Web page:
In fiscal year (FY) 2011, OJJDP awarded $393 million in grants to help at-risk youth, protect children, and improve juvenile justice systems nationwide. The 514 awards were made through formula, block, and discretionary grant funding.
OJJDP awarded nearly $100 million to national and local organizations to strengthen, expand, and implement youth-mentoring activities and youth-development programming throughout the nation. The Office distributed about $20 million to state and local law enforcement agencies under its Internet Crimes Against Children task force program to support joint local, state, and federal efforts to investigate and prosecute technology-facilitated sexual exploitation crimes against children and to keep children safe from Internet predators. In addition, OJJDP awarded almost $17 million in block grants to enforce state and local underage drinking laws nationwide.
More information about OJJDP's FY 2011 awards is available through the program links listed below.
Formula and Block Grants
Funding through formula and block grants is available to states and territories through the state agency designated by the Governor. Juvenile Justice Specialists in each state administer the funding through subgrants to units of local government, local private agencies, and federally recognized American Indian/Alaska Native jurisdictions for programs in accordance with legislative requirements. In FY 2011, OJJDP awarded more than $106 million under the following formula and block grants programs.
OJJDP awards discretionary grants to states, units of local government, and private organizations to administer programs. More than $287 million in discretionary grants was awarded in FY 2011 under the programs listed below.
The Attorney General's National Task Force on Children Exposed to Violence held its first public hearing on November 29 and 30, 2011, at the University of Maryland's Francis King Carey School of Law in Baltimore. The hearingone of four to be held around the country in the coming yearfeatured testimony from practitioners, policymakers, academics, and community members about the problem of children's exposure to violence in the United States. A major goal of the hearing was to identify promising practices, programming, and community strategies. Following the four hearings, the task force will issue a report to the Attorney General that will serve as a blueprint for addressing children's exposure to violence across the United States.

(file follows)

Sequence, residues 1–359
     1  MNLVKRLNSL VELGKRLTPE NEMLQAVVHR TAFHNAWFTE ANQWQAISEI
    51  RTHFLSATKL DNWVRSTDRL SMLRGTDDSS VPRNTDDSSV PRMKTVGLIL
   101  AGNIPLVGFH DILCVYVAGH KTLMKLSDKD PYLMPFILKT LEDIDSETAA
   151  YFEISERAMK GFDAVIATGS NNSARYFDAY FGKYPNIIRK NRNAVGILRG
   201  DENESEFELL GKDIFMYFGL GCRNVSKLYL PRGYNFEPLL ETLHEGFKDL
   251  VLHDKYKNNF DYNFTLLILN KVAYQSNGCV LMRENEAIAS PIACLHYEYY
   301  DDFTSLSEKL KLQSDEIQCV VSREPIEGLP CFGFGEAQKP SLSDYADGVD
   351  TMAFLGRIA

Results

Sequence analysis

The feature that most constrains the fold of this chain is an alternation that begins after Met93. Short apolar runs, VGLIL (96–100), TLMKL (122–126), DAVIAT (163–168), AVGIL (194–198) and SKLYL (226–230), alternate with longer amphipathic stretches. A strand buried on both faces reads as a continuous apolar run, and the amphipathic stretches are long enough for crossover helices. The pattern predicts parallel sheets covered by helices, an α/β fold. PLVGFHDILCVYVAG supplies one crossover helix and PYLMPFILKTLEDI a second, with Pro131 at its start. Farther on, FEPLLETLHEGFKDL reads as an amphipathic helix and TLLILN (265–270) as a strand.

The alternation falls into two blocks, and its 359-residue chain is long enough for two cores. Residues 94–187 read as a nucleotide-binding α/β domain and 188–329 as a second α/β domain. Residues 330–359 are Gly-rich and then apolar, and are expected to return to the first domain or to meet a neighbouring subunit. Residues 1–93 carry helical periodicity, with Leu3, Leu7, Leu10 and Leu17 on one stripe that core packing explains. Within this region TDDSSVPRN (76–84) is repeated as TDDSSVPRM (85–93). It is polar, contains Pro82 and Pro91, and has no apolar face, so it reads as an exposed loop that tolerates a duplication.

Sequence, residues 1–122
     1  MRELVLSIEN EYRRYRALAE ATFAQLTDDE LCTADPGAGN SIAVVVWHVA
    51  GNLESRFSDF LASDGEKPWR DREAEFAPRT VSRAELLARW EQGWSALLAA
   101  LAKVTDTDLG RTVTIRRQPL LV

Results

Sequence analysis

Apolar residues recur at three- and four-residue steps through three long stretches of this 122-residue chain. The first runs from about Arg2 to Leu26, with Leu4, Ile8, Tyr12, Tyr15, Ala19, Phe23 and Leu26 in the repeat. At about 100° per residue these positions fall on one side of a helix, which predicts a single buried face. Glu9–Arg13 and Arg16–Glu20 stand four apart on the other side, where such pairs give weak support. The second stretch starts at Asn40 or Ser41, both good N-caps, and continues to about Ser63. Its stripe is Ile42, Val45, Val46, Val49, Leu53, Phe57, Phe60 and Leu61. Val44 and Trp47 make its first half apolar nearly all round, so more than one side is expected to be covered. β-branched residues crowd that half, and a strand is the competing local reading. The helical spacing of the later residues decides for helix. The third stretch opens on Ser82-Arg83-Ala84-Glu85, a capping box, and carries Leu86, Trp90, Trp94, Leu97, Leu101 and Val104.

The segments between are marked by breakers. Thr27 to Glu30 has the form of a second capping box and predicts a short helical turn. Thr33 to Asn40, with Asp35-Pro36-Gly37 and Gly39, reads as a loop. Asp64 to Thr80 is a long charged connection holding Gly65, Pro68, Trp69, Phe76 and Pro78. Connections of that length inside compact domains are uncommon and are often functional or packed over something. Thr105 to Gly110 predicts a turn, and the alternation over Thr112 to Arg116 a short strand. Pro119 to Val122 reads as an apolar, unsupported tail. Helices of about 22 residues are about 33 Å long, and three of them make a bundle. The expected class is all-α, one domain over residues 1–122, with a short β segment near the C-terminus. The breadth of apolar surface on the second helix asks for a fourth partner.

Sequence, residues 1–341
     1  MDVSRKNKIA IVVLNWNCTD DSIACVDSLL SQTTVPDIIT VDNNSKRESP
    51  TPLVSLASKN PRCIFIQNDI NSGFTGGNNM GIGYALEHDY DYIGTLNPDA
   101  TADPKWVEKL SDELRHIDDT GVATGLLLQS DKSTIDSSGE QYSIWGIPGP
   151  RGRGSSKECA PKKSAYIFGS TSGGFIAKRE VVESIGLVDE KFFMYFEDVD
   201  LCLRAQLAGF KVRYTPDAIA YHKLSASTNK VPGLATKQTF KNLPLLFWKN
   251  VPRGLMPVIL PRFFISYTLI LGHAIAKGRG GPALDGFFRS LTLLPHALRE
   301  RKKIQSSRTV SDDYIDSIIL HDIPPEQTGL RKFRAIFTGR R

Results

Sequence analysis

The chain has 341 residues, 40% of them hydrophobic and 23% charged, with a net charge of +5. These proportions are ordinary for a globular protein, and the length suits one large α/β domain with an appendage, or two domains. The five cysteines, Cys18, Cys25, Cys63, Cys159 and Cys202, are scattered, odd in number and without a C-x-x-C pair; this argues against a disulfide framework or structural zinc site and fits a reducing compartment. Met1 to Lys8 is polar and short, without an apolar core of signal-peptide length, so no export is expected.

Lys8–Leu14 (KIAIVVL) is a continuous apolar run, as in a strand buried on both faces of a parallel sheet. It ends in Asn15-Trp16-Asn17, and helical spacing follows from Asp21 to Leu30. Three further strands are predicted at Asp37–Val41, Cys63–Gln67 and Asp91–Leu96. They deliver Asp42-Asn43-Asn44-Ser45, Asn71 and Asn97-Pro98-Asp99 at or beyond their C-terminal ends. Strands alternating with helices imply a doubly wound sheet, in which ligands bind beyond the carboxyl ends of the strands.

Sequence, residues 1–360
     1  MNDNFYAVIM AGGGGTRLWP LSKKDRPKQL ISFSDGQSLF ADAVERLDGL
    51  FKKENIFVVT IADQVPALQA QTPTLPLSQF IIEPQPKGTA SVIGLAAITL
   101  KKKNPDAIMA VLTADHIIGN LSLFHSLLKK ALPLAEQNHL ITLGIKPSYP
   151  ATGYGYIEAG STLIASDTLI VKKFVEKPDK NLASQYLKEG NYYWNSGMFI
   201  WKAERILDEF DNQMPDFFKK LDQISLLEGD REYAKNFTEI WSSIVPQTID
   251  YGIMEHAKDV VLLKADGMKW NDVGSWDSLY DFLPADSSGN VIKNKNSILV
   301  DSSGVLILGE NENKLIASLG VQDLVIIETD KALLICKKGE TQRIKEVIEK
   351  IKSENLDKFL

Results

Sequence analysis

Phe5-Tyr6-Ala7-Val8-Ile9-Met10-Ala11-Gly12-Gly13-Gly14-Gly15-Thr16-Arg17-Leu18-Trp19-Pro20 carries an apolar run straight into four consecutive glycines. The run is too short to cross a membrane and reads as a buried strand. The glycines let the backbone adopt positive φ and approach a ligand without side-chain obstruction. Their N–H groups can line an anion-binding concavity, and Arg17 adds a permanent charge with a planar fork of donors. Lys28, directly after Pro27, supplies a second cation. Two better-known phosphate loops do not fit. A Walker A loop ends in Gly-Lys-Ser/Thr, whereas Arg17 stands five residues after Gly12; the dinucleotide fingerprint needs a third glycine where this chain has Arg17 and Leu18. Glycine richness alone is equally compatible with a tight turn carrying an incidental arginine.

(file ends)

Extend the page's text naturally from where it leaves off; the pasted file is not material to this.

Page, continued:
"If history is any indicator, task forces like this one can help to inspire extraordinary progress," Attorney General Holder said in his opening remarks. He cited the creation in 1984 of the Attorney General's Task Force on Family Violence. The task force's recommendations became the core principles of the Violence Against Women Act of 1994. "Today, with the Defending Childhood Task Force, this tradition continues. I am confident that its members will strengthen the work that's underway to raise awareness about the issue of children exposed to violenceand that they'll play a critically important role in informing responses to this national epidemic."
Recent OJJDP-sponsored research shows that more than 60 percent of American children have been exposed to crime, abuse and violencemany in their own homes. Ten percent of children in the United States have suffered some form of abuse or neglect and 1 in 16 has been victimized sexually.
As part of the Attorney General's Defending Childhood initiative, the task force's charge is to bring national awareness to the issue of children's exposure to violence, increase the scientific knowledge base about the problem and related issues, and gain insights into potential policies that may be developed and recommended to the Attorney General for preventing, responding to, and mitigating the effects of exposure to violence.
The task force, which was officially launched at OJJDP's National Conference for Children's Justice and Safety in mid-October, is composed of 13 leading experts from diverse fields and perspectives, including practitioners, child and family advocates, academic experts, and licensed clinicians.
The task force is co-chaired by Robert Listenbee, J.D., Chief, Juvenile Unit Defender Association of Philadelphia; and Joe Torre, Major League Baseball's Executive Vice President for Baseball Operations and Chairman of the Board of the Joe Torre Safe at Home Foundation, an organization that educates students, parents, and teachers about the effects of domestic violence.